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How to Kill a Nonprofit 

A federal audit reveals the waste and mismanagement that ruined a once-promising minority aid program

Wednesday, Sep 27 2000
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But the audit also pointed to a larger failing -- a grant-giving bureaucracy that rubber-stamped funding to favored organizations year after year with little oversight. The audit noted that most nonprofits thrive in a highly competitive "funding marketplace," requiring organizations to constantly re-evaluate and improve their programs. But the Urban Economic Development Corp., the audit said, does not compete in such an environment. Aside from the large federal award, it had been receiving the same grants from the city for years, and this funding "seems to have been virtually guaranteed," the audit said, encouraging a culture of complacency.

This stagnation is not unique to the UEDC, according to others who work in the nonprofit world. Affirmative action organizations across the country have fallen into a similar malaise.

"These programs can do a good job," says Harold Yee, director of Asian Inc., another economic development nonprofit in the city. "But like so many other projects under the federal government, the system gets prostituted."

Yee has worked on minority equity issues since Lyndon Johnson's "Great Society" program. What began as a bold idea to give a boost to minority businesses, he says, has become ghettoized -- and untouchable. "It's become too political for anyone to kill," he says. "Now the government's attitude is, "We'll feed you, but we won't pay any attention to you.' Thus the programs have become very ineffective, and sometimes corrupt."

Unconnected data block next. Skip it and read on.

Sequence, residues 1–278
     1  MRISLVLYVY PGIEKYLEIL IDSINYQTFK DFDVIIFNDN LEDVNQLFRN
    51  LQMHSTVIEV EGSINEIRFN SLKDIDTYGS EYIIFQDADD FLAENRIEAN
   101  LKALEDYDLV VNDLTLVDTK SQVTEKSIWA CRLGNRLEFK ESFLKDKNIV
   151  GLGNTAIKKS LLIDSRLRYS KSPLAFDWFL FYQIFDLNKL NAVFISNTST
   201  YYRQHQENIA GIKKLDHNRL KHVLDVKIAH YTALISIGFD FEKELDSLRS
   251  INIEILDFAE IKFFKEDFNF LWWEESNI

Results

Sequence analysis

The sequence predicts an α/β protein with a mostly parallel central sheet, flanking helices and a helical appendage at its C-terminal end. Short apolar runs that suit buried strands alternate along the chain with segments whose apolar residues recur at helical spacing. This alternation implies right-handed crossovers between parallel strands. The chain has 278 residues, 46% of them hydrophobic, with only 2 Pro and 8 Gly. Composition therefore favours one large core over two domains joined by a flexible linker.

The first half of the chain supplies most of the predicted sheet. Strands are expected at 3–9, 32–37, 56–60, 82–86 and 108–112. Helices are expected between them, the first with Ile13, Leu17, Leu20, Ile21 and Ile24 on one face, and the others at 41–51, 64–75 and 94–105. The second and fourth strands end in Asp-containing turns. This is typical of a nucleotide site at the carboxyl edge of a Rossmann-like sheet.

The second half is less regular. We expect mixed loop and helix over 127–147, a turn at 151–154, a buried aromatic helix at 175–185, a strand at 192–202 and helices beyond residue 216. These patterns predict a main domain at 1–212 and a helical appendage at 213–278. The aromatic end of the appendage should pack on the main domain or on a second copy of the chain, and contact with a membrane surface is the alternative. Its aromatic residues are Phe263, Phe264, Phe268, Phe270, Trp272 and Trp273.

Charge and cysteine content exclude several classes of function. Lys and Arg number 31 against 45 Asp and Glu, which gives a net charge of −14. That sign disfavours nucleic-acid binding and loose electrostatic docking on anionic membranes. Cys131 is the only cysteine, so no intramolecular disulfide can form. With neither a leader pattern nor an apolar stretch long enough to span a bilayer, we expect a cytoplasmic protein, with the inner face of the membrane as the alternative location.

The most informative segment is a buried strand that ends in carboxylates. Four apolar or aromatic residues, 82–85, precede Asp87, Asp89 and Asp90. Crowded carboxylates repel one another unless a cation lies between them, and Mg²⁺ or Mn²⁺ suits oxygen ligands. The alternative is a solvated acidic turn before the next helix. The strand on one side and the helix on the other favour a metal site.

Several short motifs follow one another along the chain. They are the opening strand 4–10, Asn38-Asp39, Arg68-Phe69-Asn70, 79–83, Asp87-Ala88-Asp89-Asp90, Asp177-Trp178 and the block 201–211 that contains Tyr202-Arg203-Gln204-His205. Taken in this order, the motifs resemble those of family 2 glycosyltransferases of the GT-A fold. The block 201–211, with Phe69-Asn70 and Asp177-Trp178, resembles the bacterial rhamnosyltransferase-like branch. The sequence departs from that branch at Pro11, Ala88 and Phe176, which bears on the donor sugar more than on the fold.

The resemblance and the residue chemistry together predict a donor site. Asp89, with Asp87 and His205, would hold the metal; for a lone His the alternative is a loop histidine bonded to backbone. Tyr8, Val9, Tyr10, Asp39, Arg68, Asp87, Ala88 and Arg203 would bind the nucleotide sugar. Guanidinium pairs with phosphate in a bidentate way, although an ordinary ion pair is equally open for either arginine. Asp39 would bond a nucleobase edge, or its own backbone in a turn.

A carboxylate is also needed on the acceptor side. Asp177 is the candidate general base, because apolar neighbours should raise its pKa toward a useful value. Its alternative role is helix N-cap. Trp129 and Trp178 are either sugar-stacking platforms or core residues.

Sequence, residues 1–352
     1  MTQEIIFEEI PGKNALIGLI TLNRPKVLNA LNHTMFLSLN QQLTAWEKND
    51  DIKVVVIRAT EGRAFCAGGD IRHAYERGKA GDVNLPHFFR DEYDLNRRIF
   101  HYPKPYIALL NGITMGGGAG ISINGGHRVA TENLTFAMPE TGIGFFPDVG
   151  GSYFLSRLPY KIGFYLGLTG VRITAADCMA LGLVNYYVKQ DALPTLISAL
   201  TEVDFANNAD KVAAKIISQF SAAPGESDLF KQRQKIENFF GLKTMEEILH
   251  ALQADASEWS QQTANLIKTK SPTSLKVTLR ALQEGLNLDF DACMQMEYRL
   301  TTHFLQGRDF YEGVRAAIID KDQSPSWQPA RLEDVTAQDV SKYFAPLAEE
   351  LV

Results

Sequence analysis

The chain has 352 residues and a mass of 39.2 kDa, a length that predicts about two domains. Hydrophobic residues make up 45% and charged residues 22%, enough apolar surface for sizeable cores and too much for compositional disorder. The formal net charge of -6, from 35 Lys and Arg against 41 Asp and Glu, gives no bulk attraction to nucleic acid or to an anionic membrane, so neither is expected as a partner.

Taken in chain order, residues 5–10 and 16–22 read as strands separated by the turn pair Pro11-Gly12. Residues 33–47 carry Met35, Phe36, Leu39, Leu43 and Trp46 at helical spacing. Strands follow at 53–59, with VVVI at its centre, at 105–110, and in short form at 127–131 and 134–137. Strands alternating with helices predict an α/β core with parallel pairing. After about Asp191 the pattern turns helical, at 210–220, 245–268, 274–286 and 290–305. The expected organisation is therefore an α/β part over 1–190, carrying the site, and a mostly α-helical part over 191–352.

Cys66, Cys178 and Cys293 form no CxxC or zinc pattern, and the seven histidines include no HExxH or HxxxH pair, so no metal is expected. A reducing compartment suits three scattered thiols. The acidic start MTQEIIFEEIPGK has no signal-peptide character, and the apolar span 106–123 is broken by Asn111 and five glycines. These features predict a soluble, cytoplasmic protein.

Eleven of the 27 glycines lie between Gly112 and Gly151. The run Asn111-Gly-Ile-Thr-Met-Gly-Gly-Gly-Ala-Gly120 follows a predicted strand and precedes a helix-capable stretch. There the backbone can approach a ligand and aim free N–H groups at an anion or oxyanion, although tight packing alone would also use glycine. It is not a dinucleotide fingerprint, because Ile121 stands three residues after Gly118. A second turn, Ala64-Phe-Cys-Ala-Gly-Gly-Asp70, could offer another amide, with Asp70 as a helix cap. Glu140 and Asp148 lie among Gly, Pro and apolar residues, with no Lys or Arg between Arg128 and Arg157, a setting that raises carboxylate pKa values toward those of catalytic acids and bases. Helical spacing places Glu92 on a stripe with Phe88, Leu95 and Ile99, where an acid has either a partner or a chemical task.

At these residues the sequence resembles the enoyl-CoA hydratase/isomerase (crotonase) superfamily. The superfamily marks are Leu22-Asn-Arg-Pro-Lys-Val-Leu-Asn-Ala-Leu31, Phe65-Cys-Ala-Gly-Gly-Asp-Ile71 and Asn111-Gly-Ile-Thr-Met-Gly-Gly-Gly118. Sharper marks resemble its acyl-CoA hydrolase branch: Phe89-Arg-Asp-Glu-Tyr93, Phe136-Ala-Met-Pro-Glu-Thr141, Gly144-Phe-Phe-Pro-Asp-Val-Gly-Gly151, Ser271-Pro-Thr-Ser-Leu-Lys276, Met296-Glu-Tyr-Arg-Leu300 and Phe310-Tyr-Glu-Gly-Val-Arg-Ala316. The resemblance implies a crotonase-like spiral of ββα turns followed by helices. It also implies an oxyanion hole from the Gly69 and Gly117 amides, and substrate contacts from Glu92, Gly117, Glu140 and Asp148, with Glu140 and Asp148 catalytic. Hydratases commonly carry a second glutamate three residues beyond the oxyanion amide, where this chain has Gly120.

Marshall resigned from his post on the Human Rights Commission last year and quickly became an outspoken critic of the agency. "You can't pretend to be a marriage counselor and beat your wife behind closed doors," Marshall once said, describing the Human Rights Commission's management. He also told reporters that he had been interviewed by the FBI regarding possible wrongdoing within the department's minority contracting program.

Then, in an interesting choice of timing, this summer the city yanked all its funding from the Urban Economic Development Corp., forcing the nonprofit to close its doors. Marshall and his nonprofit's board members claim it is a political payback. He might be right. It was hardly a secret that the federal government was scrutinizing Marshall's agency, but the mayor didn't question the management of the nonprofit until Marshall announced he was talking with federal authorities.

The story of the Urban Economic Development Corp., however, transcends the banality of local politics. While the local newspapers have portrayed Marshall as a whistle-blower sticking up for the rights of minority contractors, he was also allowing his own program to go to seed.

"It all makes me a bit queasy," says Swinson, who has decided to stay out of politics and stick with his retirement plans of travel and relaxation. "These guys make these grand speeches at the government conventions, talking about equality. They demand funding to help the poor and downtrodden, but they know the money will be there. Maybe some of it will get stolen, but it's all right as long as nobody gets caught. Then when somebody like me comes along and doesn't go along with the program, everybody starts running for cover."

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Matt Isaacs

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